Interesting to see if this signals the start of the plateau in the legal tech hype cycle. Less talk and more action/implementation has got to be a good thing - it's a tricky balance for law firms to strike between staying on top of new legal tech developments in such a fast moving market whilst avoiding jumping on bandwagons.
For us, this means prioritising areas where we know that our clients (and our lawyers) want to see change and improvement, and implementing new solutions in areas of our practice where they’re likely to be embraced and have the highest chance of success. It also means that where there are priority areas for us, we’re open to making major changes – such as training all our trainees to use Luminance as a matter of course when they learn about diligence in their corporate seats.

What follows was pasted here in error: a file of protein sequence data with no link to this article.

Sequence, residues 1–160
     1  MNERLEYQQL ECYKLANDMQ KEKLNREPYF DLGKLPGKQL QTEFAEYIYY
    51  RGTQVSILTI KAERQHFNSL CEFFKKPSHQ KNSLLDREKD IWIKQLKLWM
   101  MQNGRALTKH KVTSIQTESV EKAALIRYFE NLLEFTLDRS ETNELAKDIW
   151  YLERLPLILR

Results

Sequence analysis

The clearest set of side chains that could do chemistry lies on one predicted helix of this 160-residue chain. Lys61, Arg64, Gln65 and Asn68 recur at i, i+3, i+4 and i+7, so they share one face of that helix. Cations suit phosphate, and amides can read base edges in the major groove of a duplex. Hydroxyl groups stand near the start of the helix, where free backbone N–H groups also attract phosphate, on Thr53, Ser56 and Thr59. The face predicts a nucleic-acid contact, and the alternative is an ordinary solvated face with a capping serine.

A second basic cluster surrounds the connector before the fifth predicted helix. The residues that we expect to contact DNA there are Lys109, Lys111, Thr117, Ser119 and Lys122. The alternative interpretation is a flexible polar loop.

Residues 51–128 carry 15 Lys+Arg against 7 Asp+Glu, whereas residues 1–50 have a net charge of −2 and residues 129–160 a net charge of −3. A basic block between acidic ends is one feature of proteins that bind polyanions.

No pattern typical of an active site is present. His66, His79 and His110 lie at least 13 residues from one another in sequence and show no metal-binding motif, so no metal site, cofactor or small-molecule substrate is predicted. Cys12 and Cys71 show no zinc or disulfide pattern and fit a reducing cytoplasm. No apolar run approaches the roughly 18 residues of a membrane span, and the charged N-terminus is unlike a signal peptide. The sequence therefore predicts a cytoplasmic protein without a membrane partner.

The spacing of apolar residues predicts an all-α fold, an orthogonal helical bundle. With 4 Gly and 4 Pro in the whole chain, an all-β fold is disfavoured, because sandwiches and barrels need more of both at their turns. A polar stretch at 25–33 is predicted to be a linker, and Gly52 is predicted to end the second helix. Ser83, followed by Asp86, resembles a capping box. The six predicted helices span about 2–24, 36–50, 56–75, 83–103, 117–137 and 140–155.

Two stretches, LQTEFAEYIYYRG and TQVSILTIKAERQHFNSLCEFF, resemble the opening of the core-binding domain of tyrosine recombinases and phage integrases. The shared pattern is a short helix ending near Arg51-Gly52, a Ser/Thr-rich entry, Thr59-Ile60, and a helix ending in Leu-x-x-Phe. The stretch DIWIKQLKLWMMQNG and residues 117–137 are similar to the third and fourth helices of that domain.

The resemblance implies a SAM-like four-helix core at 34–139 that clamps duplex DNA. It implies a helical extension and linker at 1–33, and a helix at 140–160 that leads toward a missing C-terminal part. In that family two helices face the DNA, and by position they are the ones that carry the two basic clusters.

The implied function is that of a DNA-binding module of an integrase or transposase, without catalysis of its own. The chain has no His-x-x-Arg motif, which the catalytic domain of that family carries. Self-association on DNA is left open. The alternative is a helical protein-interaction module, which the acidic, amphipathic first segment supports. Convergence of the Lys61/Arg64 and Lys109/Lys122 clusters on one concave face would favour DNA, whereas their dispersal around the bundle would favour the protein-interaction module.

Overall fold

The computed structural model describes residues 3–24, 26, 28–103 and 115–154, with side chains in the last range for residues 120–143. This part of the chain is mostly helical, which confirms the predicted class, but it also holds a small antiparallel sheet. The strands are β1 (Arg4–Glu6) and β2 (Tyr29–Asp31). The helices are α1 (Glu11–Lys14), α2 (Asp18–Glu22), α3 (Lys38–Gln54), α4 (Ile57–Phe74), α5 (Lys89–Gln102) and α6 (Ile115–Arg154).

It’s exciting how quickly AI has become a core tool in this area - as evidenced by the suggestion that two thirds of firms in this survey are looking to invest in AI powered tools.
The level of spend for innovative tech has kind of peaked,” Adcock said. “I think firms have reached a kind of saturation point for the time being in terms of their ability to inject new technology. And they now need to implement the newer tech they’ve invested in and make that applicable in the firm, so there’s a lot of change management” that needs to happen.